United States District Court, D. New Mexico
MEMORANDUM OPINION AND ORDER
matter comes before the Court upon pro se
Plaintiff's motions to reconsider or renew her appeal;
motions for order of protection; motion to refer obstruction
of justice incidents to the FBI and Department of Justice;
motion to stay the case to obtain counsel; and motions for
appointment of counsel. (Doc. 70), filed Aug. 13, 2019; (Doc.
71), filed Aug. 14, 2019; (Doc. 72), filed Aug. 29, 2019;
(Doc. 73), filed Sept. 3, 2019; (Doc. 74), filed Sept. 9,
2019; and (Doc. 75), filed Oct. 4, 2019. Plaintiff does not
indicate whether she sought concurrence from Defendants prior
to filing the motions. Defendants also did not respond to any
of the motions.Having considered the motions and the
relevant law, the Court denies the motions.
initial matter, the Court notes that the Local Rules state
that an omission of “a recitation of a good-faith
request for concurrence” in a motion can lead to the
summary denial of that motion. D.N.M. LR-Cv 7.1(a). The Local
Rules further state that a failure to respond to a motion
“constitutes consent to grant the motion.” D.N.M.
LR-Cv 7.1(b). Here, Plaintiff violated Local Rule 7.1(a)
while Defendants violated Local Rule 7.1(b). Despite these
violations of the Local Rules, the Court, in the interest of
justice, chooses to address the merits of the motions. D.N.M.
LR-Cv 1.7 (“These rules may be waived by a Judge to
6, 2014, Plaintiff filed in state court an amended employment
discrimination complaint against Central New Mexico Community
College (CNM) and its employees. (Doc. 1-2). On July 11,
2014, Defendants removed the employment discrimination
lawsuit to federal court. (Doc. 1). On June 30, 2015, the
Court dismissed Plaintiff's claims against Defendants.
See (Doc. 44).
than three years later, Plaintiff filed: (i) a motion to
reopen the case (also construed as a motion to amend the
complaint); (ii) a motion to appoint counsel; (iii) a motion
to be entered in the Federal Witness Protection Program and
for emergency attorney representation; and (iv) a motion for
protection. See (Doc. 45), filed Nov. 1, 2018; (Doc.
47), filed Nov. 16, 2018; (Doc. 52), filed Nov. 30, 2018; and
(Doc. 56), filed Jan. 22, 2019. These motions did not concern
Plaintiff's employment discrimination lawsuit. Instead,
the motions pertained to allegations of medical mistreatment
by the University of New Mexico Hospital (UNMH) and its
employees. On April 22, 2019, the Court denied the motion to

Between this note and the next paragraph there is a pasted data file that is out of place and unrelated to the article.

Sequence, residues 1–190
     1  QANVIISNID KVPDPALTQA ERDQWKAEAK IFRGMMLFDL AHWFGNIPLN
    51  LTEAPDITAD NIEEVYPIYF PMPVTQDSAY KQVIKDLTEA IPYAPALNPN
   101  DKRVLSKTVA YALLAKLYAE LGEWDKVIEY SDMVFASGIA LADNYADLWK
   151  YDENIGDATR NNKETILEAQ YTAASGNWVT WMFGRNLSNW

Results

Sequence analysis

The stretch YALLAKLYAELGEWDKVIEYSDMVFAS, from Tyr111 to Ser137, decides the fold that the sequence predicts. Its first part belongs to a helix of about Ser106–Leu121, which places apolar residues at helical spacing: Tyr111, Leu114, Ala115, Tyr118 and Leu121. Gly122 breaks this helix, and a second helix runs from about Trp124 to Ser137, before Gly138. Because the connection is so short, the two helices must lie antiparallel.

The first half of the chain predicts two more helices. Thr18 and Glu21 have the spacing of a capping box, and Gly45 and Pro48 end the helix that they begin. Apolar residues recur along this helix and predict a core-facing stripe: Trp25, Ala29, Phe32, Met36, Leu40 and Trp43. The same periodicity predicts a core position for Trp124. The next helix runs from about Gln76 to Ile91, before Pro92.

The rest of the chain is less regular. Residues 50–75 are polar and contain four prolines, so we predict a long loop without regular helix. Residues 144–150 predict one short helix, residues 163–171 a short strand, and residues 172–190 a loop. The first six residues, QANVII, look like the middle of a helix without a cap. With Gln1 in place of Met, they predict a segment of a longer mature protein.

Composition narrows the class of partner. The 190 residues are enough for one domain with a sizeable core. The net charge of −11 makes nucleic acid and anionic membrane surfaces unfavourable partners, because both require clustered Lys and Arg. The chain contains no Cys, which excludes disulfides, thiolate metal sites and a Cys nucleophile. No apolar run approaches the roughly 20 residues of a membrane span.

reopen the case, denied the motion to amend the complaint,
and denied the motions for protection and to appoint counsel
as moot. See (Doc. 61) at 4.
7, 2019, Plaintiff filed a notice of appeal. (Doc. 62). Then,
on July 26, 2019, the Tenth Circuit Court of Appeals
dismissed the appeal for lack of prosecution. (Doc. 69).
About two weeks later, Plaintiff began filing the above
Motions to Reconsider or Renew her Appeal
did not file the motions to reconsider or renew her appeal in
her appellate case. The Court cannot address those motions
for the Tenth Circuit. Therefore, the Court denies
Plaintiff's motions to reconsider or renew her appeal
without prejudice to Plaintiff filing them in her appellate
Motions for an Order of Protection
bases her three motions for an order of protection on
grievances she has regarding treatment at UNMH and included
two of those motions in her motions to reconsider or renew
her appeal. However, only the Tenth Circuit can decide the
motions to reconsider or renew the appeal, including the two
related motions for an order of protection. As a result, this
Court denies those motions for an order of protection without
prejudice to Plaintiff filing the motions in her appellate
extent Plaintiff is seeking an order of protection from this
Court and not from the Tenth Circuit, the Court notes that
the allegations supporting the motions for an order of
protection bear no reasonable connection to Plaintiff's
employment discrimination complaint against CNM and its
employees. As noted above, the Court denied Plaintiff's
motion to amend her complaint to include grievances against
UNMH and its employees for medical mistreatment. (Doc. 61) at
4. Consequently, the UNMH claims, and any allegations
associated with those claims, are not before the Court.
Because the UNMH claims and allegations in the motions for an
order of protection are not before the Court, the Court
denies the three motions for an order of protection for that
reason as well.
Motion to Refer Obstruction of Justice Incidents to the FBI
and Department of Justice
does not cite any legal authority to suggest that the Court
has the authority or duty to refer alleged obstruction of
justice incidents to the FBI and Department of Justice.
See D.N.M. LR-Cv 7.3 (a) (“A motion …
must cite authority in support of the legal positions
advanced.”). In addition, Plaintiff does not explain
why she cannot report those incidents directly to the FBI and
Department of Justice. Hence, the motion to refer obstruction
of justice incidents to the FBI and Department of Justice
lacks merit. The Court, therefore, denies that motion.
Motion to Stay the Case to Obtain Counsel
filed the motion to stay the case to obtain counsel on August
29, 2019. (Doc. 72). As of the date of this order, Plaintiff
has had four months to obtain counsel, and in effect received
a four-month stay. Four months is sufficient time to obtain
counsel and as yet failed to do so. Thus, a further stay is